Exclusive Interview with
When did you start writing?
Writing is a way of expression. It helps me make sense of the world. A multitude of thoughts run through my mind and that is the only way to taper it down. It also helps me to figure out the problem of this world, all the little things I have observed from a distance. When I write a full-length novel it is with the purposeful intent to tell a story, but also to communicate my thoughts on various social justice issues. There is nothing in the world I would rather do, and it is an activity I partake in on a daily basis.
What makes writing your passion?
How long have you been writing?
I have been writing all my life. Ironically enough, I didn’t take it seriously until I entered University. In that time period I was bombarded with a litany of classical literature and historical texts. They deeply resonated with me throughout my undergrad, and even to this day I can still recall going to the library nearly every day to flip through the pages of old books. I filled my evenings with the poems of John Donne, W. H. Auden, John Keats, Percy Bysshe Shelley, and the sonnets by Shakespeare. I also read classical pieces of English literature that were praised in the late nineteenth century, particularly the romantic period. Reading classical pieces of literature has inspired me to become a better writer.
What was the feeling when you published your first book?
What’s the story behind your choice of characters?
What annoys you the most in pursuing a writing career?
How do you get over the “writer’s block”?
I rarely get writer’s block, if ever. On the rare occasion that it does occur, I take long walks about the forest to clear my mind. Such leisurely strolls brings back a wave of imagination and creativity, it is probably spurred on by the beauties of nature. Long walks are usually the cure for writer’s block. Once I return home, sit down at my desk and write once more.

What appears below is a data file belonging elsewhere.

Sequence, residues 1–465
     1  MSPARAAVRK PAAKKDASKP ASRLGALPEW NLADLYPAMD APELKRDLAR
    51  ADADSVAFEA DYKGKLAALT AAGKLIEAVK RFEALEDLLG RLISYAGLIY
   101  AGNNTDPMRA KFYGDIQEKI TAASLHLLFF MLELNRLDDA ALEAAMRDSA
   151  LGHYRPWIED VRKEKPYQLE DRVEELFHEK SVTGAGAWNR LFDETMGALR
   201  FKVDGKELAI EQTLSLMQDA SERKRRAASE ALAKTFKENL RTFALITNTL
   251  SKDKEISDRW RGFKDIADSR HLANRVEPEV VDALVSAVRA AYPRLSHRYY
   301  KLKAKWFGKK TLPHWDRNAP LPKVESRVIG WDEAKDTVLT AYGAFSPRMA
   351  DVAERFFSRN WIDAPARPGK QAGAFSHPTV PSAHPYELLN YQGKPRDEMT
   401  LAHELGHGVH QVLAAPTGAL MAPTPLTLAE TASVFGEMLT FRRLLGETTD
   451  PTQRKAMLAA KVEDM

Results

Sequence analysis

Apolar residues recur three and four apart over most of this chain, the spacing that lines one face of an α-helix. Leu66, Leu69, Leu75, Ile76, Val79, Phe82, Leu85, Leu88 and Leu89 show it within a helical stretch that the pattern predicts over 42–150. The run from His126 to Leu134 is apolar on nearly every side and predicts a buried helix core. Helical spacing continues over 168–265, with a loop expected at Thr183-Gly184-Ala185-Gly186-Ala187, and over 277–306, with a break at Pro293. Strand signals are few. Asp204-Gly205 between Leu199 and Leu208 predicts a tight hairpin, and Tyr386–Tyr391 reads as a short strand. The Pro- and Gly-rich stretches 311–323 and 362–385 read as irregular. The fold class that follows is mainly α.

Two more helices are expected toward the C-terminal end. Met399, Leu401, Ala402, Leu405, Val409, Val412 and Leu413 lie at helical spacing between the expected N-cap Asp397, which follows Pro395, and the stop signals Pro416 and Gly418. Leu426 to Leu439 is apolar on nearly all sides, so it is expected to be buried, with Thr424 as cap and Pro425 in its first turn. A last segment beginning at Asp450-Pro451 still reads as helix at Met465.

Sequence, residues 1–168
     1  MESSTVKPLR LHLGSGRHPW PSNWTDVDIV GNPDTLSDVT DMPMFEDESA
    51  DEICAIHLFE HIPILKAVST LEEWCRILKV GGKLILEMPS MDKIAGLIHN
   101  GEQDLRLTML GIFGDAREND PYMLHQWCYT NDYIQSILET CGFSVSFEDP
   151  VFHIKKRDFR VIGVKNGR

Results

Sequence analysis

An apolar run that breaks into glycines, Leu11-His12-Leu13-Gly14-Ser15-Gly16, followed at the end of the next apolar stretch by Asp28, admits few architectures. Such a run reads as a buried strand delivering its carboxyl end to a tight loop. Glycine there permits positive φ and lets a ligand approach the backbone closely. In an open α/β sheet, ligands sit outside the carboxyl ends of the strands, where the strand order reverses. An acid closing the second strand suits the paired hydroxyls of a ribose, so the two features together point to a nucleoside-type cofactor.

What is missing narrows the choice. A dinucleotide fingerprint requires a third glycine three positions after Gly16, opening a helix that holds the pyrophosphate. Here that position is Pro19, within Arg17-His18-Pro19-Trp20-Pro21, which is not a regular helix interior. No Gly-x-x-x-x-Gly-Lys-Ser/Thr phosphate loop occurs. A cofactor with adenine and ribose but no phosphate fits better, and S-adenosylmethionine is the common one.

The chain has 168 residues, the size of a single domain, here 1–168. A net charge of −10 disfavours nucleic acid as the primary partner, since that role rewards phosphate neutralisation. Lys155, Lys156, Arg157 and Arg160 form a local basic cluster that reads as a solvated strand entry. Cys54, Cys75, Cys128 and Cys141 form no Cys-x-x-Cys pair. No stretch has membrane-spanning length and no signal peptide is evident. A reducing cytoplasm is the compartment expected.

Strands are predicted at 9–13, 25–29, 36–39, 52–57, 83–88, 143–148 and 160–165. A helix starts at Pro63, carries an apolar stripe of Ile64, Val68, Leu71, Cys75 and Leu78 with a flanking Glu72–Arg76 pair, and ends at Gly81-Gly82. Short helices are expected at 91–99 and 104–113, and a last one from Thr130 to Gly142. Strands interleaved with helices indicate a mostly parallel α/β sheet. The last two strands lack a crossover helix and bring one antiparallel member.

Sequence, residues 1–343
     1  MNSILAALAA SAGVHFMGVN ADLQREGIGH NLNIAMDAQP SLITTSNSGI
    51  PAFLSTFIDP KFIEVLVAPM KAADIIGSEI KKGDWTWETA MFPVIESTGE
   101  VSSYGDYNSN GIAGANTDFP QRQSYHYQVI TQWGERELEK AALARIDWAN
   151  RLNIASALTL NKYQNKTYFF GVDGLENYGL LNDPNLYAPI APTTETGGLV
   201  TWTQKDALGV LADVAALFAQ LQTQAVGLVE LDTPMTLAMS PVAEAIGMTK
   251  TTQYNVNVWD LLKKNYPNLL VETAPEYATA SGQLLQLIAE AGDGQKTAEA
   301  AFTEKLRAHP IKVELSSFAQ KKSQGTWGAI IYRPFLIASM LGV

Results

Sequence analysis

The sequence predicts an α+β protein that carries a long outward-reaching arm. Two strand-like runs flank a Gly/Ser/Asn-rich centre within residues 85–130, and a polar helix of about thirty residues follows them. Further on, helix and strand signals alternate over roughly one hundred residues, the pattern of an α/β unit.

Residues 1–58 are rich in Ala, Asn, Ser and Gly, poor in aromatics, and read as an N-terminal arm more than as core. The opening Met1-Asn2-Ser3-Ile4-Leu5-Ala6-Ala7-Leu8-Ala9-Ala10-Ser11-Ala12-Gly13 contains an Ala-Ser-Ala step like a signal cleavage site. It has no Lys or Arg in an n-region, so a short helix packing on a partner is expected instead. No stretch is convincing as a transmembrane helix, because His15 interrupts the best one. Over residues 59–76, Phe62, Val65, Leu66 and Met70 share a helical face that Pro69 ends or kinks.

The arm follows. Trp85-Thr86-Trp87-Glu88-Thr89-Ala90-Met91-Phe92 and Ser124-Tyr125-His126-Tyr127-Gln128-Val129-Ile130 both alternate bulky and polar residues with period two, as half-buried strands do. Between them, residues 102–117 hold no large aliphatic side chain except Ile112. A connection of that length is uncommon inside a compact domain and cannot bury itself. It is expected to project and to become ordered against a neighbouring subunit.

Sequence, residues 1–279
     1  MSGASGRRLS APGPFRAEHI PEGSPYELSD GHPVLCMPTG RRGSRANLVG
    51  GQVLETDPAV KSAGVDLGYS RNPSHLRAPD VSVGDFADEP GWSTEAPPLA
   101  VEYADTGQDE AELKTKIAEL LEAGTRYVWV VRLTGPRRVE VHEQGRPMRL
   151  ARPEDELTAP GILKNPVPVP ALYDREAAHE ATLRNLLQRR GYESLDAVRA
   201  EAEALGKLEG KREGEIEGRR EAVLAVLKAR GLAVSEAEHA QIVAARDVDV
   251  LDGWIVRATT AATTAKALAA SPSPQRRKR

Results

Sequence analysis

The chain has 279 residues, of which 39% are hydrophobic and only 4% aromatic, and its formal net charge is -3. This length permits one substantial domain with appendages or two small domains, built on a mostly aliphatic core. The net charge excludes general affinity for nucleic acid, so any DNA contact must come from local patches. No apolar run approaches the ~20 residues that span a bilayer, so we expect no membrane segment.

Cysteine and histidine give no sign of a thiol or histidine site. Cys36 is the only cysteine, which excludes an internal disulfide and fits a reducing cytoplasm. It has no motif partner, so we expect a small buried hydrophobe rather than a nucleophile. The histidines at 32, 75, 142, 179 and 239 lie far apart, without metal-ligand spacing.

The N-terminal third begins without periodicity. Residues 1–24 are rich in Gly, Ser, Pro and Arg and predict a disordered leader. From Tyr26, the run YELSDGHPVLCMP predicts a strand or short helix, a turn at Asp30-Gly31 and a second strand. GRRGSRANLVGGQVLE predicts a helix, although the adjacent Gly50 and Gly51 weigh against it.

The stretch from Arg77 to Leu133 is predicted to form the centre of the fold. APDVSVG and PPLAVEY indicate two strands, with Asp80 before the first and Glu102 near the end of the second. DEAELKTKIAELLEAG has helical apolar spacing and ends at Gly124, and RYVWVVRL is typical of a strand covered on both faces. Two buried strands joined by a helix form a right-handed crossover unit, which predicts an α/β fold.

We all know the writer’s path is never easy, what makes you keep going? What advice would you give to new authors?
If you could go back in time and talk to your younger self, what would you say?
Do you read your book reviews? How do you deal with the bad ones?
I read all of my reviews. Fortunately, they have been relatively positive so far. I take book reviews as feedback to help improve my craft. Negative ones are hard to stomach. Nevertheless, everyone is entitled to their own opinion. It is interesting to see the different interpretations of my novels, as if everyone received a different message from them. To me, writing is another form of art. If I stand in front a painting I will feel differently about the artwork than the person next to me. So, that is how I view book reviews lately, an interpretation of my novel from their own perspectives and past experiences. When it comes to bad reviews I take it with a grain of salt. I try to learn from my mistakes and then move on with a clear intent to improve myself as a writer. At the end of the day I have to make myself happy and write stories that are meaningful to me. It is important to not write for a certain audience to appease others or hope to gain instant fame. As writers we must stay true to our own voice and subconscious thoughts.
What is the feeling when you get a good review?
Have you ever incorporated something that happened to you in real life into your novels?
Which of your characters you can compare yourself with? Did you base that character on you?